BY: Orient News
Turkish media highlighted the issue of the return of Syrian refugees to their country and the departure of thousands of them from the main cities, especially Istanbul, which created a gap in the Turkish business sector and a shortage of labor that prompted employers to complain after the Turks could not be employed on the same terms and wages as Syrians.
The Turkish newspaper, Cumhuriyet, reported that the return of the Syrians is disturbing the employers who depend on the Syrians as cheap labor, as they are beginning to face problems because of those who have recently begun to return to their countries.
The newspaper stated that Zeytinburnu, which is famous for the leather and textile industry, needs more than a thousand people working in this sector, quoting one of the owners of sewing workshops as saying that his workshop operates at a capacity of only 30% due to the lack of manpower.
haber7 website indicated that representatives of the sector said that there is a shortage of 60,000 intermediate workers only in the textile sector today, as there is a need for more than 10,000 in leather factories and a shortage of 25,000 workers in the furniture sector, and 20,000 in the machinery sector, and 15,000 in the tourism, food and beverage sector, and 5,000 in the automotive and ancillary industries.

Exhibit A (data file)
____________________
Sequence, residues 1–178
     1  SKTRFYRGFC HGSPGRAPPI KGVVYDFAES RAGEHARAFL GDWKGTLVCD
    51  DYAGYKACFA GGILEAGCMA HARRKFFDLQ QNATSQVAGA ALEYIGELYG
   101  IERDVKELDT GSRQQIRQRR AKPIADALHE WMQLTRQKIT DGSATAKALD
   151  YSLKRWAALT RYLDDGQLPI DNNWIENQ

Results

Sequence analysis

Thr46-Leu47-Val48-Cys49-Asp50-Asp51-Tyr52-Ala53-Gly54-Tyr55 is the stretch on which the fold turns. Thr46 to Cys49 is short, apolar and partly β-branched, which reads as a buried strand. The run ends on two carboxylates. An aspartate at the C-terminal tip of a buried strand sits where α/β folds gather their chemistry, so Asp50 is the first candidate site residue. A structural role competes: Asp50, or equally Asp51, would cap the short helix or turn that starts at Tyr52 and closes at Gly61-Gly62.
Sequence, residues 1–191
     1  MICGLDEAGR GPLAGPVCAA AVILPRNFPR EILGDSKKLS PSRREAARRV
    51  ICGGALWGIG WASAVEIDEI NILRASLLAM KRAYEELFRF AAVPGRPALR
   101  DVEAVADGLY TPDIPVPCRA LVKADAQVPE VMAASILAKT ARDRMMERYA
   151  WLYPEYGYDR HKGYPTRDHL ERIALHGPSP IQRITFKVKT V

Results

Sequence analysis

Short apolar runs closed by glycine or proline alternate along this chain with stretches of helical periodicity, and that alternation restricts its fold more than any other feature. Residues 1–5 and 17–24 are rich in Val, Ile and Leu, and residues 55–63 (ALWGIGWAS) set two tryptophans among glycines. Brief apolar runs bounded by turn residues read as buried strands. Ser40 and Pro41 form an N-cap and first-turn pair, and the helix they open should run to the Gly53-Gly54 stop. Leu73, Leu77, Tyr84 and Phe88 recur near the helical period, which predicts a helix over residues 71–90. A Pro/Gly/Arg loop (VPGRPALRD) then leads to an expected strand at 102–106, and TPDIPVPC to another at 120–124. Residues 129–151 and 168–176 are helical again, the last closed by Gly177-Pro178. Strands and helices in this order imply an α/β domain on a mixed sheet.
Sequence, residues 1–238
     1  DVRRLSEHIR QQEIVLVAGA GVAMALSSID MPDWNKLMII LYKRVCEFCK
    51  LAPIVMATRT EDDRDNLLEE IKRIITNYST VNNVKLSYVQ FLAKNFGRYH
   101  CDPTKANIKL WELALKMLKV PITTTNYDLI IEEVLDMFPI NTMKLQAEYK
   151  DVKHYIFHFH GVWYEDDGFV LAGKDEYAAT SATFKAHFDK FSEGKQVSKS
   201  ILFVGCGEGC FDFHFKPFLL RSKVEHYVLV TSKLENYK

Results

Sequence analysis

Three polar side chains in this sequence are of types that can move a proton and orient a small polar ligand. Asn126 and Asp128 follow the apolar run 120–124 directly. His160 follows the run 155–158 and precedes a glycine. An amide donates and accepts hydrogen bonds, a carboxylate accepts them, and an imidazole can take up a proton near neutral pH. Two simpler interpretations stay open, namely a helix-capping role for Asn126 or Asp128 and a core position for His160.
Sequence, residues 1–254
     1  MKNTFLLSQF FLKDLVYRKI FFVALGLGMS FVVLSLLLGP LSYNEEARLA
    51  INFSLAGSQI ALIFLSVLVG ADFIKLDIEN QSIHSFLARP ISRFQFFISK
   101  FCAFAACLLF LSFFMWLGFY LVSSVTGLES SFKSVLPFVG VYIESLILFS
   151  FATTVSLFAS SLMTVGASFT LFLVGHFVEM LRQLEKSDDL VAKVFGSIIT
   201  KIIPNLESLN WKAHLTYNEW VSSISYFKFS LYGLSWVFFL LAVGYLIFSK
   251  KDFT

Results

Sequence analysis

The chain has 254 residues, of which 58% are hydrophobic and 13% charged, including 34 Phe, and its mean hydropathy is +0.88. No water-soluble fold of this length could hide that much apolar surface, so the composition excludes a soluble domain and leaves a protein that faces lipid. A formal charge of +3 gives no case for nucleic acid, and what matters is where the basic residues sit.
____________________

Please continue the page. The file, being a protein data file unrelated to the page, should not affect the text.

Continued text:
It is noteworthy that the Turkish business world is currently living in a state of panic due to the return of the Syrians, as there is a problem in finding qualified and trained cadres in sectors that require hard labor, especially since the Turks prefer easier jobs, which increases the problem.
For its part, Turkey newspaper quoted Serkan Durmaz, one of the producers in a ready-made garment factory, as saying: “We also have a shortage in fields that do not require proficiency, such as cutting, printing, sewing, and quality control. On the other hand, the Turks do not work for less than 8 thousand liras.
The newspaper pointed out that from the beginning of this year until last August, a total of 4,465 Syrians returned, while an average of 1,000-1,500 people returned to their countries every week.
And in the midst of the continuation of the tragedy of asylum for the Syrians and the lack of their future in the opposition areas and in the countries of asylum, and in conjunction with the absence of any political solution to the Syrian file. Talking about the migration of Syrians to Europe, especially from Turkey, has become the choice for the Syrians, due to a number of factors, most notably the difficult living situation and the growing intensity of racism and hate speech, as well as the Turkish government’s plans to return them to their country without any clear road map amid talk of a possible rapprochement between Ankara and Assad.